Mohandas K. Gandhi began agitating for the independence of the Indian people from colonial rule in the early twentieth century. In 1921, he took leadership of the Indian National Congress, leading nationwide campaigns devoted to achievement of swaraj or home rule. In 1930, he opposed the tax imposed on salt by imperial Britain, leading the Dandi Satyagraha or Salt March, an act of civil disobedience aimed at overturning the colonialist economic monopoly over salt, which was a vital resource for the Indian people. In 1942, he impressed upon the British to quit India, an appeal which led to India’s liberation from colonial rule in 1947.
King first learned about Gandhi by way of Mordecai Johnson who gave an account of his visit to India at a gathering in Philadelphia, at which King was present. He expresses how moved he was by Gandhi’s emphasis on non-violent struggle and its relevance to Christianity and summarily sought to apply Gandhian principles of Satyagraha towards the African-American struggle for civil rights in the southern United States, where social segregation of white and black Americans became both law and custom in the twentieth century. In his essay, “My Trip to the Land Of Gandhi,” Martin Luther King Jr. recounts his voyage to India in April of 1959 which he refers to in his report as “the land of Gandhi.”
It was philosopher-poet Howard Thurman who sowed the seeds for the civil rights struggles of the 50s and 60s led by King, when he traveled to India in 1935-1936 in search of answers to the question of the moral government of the world and the persistence of evil. Thurman, like King, came to the religion of Jesus Christ with the sociological understanding that Sunday at high noon was the most segregated hour in America. The American Negro delegation’s pilgrimage of friendship to the East under Thurman and his wife, Sue Bailey Thurman is significant not only because it is the first Black Christian delegation to tour India but also because it would, in turn, influence King’s own pilgrimage to nonviolence in the fight against segregation in America, culminating in a voyage to the land of Gandhi, where he commemorated the fallen martyr.
Arranged by G. Ramachandran, the Secretary Of the Gandhi Smarak Nidhi (Gandhi National Memorial Fund), the trip took Dr. King and his wife, Coretta Scott King, and his friend, Lawrence Reddick, on a five-week tour of India. During the trip, the Kings met with Jawaharlal Nehru, the first Prime Minister of India, and engaged in a deep study of Indian civilization, history, and politics as well as a prolonged consideration of the deep scars and mass devastation left in the wake of colonial rule. For instance, it is estimated that the Bengal famine of 1943, which was a by-product of the wartime policies implemented by the British during the Second World War, led to the mass starvation and death of more than three million Indians.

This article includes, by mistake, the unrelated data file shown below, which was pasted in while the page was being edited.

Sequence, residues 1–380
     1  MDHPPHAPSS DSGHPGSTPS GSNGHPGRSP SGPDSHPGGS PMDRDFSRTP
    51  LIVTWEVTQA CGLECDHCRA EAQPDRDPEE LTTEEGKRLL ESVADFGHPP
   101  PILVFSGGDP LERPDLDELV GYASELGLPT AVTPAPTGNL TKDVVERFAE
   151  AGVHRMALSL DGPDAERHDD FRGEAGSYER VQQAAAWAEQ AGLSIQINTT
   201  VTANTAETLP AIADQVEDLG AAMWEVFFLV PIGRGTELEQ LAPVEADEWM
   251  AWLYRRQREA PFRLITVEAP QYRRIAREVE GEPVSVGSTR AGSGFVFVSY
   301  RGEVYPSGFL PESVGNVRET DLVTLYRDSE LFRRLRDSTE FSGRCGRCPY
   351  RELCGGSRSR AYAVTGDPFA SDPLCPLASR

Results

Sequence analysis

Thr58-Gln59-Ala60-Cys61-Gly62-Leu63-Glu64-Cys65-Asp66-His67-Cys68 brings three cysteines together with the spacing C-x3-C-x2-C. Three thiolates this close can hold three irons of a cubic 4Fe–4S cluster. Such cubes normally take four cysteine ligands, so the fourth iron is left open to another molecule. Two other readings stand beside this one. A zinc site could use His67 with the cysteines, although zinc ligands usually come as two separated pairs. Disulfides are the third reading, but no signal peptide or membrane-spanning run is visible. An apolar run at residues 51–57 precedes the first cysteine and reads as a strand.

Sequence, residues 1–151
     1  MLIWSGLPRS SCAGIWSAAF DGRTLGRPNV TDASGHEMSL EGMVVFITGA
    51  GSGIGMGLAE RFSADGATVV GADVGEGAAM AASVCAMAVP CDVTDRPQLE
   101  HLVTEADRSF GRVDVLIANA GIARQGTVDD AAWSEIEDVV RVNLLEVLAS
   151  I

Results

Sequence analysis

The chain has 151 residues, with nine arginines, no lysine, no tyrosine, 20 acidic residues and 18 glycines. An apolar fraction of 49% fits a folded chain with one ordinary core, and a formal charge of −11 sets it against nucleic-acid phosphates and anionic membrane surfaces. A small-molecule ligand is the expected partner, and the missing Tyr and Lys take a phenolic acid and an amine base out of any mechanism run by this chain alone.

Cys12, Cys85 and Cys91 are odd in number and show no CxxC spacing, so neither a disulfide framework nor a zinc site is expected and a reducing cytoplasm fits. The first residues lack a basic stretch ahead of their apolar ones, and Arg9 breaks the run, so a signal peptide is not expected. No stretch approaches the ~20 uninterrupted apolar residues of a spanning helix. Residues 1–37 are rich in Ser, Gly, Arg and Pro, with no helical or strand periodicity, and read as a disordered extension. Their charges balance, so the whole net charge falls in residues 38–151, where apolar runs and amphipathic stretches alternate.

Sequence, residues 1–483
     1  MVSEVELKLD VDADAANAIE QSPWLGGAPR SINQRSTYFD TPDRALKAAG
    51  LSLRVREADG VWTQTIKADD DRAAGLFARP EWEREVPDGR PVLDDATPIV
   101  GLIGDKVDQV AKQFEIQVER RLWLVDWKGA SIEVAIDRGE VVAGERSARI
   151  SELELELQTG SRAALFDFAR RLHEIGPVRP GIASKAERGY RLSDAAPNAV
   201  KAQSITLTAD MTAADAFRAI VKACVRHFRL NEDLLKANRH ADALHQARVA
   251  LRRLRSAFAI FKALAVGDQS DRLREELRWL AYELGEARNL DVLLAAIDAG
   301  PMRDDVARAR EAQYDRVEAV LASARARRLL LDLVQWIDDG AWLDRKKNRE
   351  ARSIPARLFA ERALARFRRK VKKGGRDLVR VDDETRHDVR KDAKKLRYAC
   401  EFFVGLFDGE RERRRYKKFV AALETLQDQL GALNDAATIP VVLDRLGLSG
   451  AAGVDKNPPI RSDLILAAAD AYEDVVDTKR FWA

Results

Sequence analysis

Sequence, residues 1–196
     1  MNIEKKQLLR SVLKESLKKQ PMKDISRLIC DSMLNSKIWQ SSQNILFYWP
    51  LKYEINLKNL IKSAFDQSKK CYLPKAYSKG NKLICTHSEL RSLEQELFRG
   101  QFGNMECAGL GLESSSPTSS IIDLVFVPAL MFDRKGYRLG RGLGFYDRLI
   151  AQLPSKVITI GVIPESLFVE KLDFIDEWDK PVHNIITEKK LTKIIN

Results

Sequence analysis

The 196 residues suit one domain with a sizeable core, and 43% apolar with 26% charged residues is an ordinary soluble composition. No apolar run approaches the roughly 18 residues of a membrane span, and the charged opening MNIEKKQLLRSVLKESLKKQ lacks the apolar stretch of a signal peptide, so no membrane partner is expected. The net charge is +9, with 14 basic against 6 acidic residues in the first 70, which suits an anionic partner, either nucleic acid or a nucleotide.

In commemoration of his vital contribution to the struggle against imperialism and the color line, the King embassy placed a wreath on Gandhi’s cremation site in Delhi. Gandhi had been assassinated on 30 January 1948 by Nathuram Godse, a cultural nationalist stoked by the flames of national partition and violence. By contrast, Gandhi emphasized tactics of civil disobedience and peaceful non-cooperation to challenge the ruling class and opposed the partition of India into a separate “Hindu” India and “Muslim” Pakistan: he recognized that the true source of oppression was not religion but rather, Western civilization and recommended the unity of Hindu and Muslim Indians against colonial oppression and the independent resolution of internal differences.
Martin Luther King Jr. saw in his leadership of the Indian independence movement a valuable political resource for the struggle of black Americans against white rule and social segregation in the United States. Like Gandhi, love and truth are central forces in King’s political ideology, but he called upon a higher love than romantic or sentimental love, a Love capable of compelling people to sacrifice individual interests in the service of the greater good of the national struggle and the liberation of humanity from the color line. He affirmed that
Non-violent resistance does call for love, but it is not a sentimental love. It is a very stern love that would organize itself into collective action to right a wrong by taking on itself suffering. While I understand the reasons why oppressed people often turn to violence in their struggle for freedom, it is my firm belief that the crusade for independence and human dignity that is now reaching a climax in Africa will have a more positive effect on the world, if it is waged along the lines that were first demonstrated in that continent by Gandhi himself.’
Similarly, it was on the basis of the recognition of the common struggle of Indian, African, and African-American peoples against Western civilization that led Du Bois–who was himself foundational to King’s thought–to write to Gandhi in 1929, inquiring after his efforts to win freedom for the Indian people and asserting, with a grace that can only come out of a sincerity wrought by urgency, the necessity of uniting the darker races of humanity against the color line and white rule. In the letter, Du Bois writes